Stamps in passport on top of map (©
The State Department issues travel advisories to help citizens plan overseas travel. (©

The U.S. State Department publishes a travel advisory for every country in the world so U.S. citizens have reliable information to make informed travel decisions.

Travel advisories are based on “safety and security conditions that could affect the lives and interests of U.S. citizens abroad,” not on political or economic considerations, the State Department said.

Travel advisories are prepared by the State Department’s Bureau of Consular Affairs and published on the Travel.State.Gov website. U.S. Embassies share these advisories with U.S. citizens living or traveling in those countries.

Four levels of advice

Each travel advisory includes a level for each country ranging from 1 to 4:

Level 1 means exercise normal precautions. This is the lowest advisory level for safety and/or security risks. There is some risk associated with any international travel.

Level 2 means exercise increased caution. Travelers should be aware of heightened risks to safety and/or security.

Level 3 means reconsider travel. Travelers should avoid or defer travel because of serious risks to safety and/or security.

Level 4 means do not travel. This is the highest advisory level because of potentially life-threatening safety and/or security risks. The State Department advises U.S. citizens not to travel to the country or to leave as soon as it is safe to do so.

The Bureau of Consular Affairs reviews conditions in level 1 and 2 countries at least every 12 months and level 3 and 4 countries at least every six months. Travel advisories are updated as needed to reflect changes in a country’s safety and security environment.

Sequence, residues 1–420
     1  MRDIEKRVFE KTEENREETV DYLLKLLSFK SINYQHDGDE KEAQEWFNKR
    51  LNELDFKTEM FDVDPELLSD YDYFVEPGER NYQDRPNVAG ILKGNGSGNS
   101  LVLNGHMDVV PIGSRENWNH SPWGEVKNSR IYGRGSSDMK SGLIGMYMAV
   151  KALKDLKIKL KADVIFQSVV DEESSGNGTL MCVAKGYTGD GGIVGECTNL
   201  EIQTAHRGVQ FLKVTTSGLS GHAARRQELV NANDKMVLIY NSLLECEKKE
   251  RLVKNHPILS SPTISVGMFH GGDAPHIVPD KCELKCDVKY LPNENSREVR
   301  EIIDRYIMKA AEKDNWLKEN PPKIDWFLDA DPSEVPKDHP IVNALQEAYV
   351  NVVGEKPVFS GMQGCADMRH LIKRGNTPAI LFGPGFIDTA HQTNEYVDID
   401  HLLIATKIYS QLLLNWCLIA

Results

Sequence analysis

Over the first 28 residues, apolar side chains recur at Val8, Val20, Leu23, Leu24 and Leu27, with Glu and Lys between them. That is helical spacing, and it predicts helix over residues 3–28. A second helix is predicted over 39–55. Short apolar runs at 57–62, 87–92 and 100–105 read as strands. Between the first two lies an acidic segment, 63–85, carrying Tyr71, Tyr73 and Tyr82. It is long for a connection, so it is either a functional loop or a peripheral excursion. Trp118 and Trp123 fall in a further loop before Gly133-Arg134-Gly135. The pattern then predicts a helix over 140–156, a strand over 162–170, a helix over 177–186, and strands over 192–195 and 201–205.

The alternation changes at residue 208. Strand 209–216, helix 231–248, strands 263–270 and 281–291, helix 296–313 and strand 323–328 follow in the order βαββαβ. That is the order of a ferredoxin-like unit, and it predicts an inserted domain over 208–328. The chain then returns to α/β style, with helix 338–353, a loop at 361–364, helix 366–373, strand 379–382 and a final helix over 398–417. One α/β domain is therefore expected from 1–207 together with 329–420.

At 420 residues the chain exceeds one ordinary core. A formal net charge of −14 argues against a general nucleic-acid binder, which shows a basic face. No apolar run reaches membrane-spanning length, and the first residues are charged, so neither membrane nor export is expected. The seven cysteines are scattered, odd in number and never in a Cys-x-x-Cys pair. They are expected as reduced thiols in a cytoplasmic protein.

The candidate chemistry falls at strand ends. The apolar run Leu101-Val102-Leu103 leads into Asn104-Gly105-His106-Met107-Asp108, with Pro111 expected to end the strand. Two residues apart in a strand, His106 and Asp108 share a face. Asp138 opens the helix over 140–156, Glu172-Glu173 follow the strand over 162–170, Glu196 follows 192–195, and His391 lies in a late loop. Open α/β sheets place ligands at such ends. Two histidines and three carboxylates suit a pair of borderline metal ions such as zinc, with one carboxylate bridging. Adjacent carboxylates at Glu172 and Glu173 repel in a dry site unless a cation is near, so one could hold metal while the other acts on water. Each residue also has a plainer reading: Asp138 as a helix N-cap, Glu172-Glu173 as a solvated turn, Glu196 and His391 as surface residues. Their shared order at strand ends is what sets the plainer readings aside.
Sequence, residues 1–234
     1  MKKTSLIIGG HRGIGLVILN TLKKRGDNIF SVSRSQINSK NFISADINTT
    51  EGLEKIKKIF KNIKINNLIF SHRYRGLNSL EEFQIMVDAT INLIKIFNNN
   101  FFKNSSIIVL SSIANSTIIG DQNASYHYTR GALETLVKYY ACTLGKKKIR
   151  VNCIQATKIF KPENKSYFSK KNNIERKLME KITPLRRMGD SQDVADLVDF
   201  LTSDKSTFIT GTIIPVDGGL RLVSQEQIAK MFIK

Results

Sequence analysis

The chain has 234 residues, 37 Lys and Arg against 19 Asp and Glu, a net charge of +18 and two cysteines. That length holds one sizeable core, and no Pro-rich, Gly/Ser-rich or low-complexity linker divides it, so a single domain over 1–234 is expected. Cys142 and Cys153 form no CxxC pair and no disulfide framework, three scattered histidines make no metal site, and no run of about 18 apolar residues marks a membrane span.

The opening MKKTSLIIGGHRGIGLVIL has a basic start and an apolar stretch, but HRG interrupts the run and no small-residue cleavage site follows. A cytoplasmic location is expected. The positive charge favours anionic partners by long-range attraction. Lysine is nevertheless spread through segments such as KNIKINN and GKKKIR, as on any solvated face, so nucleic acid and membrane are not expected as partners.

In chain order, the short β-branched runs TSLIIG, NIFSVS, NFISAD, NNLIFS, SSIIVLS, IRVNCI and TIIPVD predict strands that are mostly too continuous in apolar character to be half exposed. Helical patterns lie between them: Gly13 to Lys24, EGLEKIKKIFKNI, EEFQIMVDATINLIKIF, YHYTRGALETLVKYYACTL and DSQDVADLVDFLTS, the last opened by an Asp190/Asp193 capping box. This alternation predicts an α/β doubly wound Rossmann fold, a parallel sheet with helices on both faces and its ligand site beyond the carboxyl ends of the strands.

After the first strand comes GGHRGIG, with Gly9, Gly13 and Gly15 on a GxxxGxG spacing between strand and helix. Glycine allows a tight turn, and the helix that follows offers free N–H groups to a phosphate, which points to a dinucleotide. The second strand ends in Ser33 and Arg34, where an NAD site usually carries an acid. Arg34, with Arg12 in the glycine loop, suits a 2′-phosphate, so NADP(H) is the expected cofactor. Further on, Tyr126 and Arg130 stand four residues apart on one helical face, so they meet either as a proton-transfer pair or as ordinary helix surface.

Travel advisories may also include risk indicators, which detail specific safety and/or security risks in a country. Current risk indicators include:

  • Crime.
  • Terrorist activity.
  • Civil unrest.
  • Natural disasters.
  • Health concerns.
  • Kidnapping or hostage-taking.
  • Wrongful detention.

The wrongful detention indicator is the newest. Introduced in June 2022, it warns U.S. citizens of the risk of a foreign government wrongfully detaining them while in that country.

Many factors considered

The department determines the level of a travel advisory through an objective and thorough review process. The aim is to provide U.S. citizens with the best information available on safety and security risks that could affect their lives and interests abroad.

When the department develops a travel advisory, it relies on U.S. embassies and consulates to gather information from a range of sources. This information may include, among other things, publicly available crime statistics or specialized knowledge from regional experts.

This analysis is undertaken without regard to political or economic considerations and the intent is never to penalize or hurt a country by imposing a particular level of travel advisory.

“The United States has no higher priority than the safety and security of U.S. citizens overseas,” the State Department said.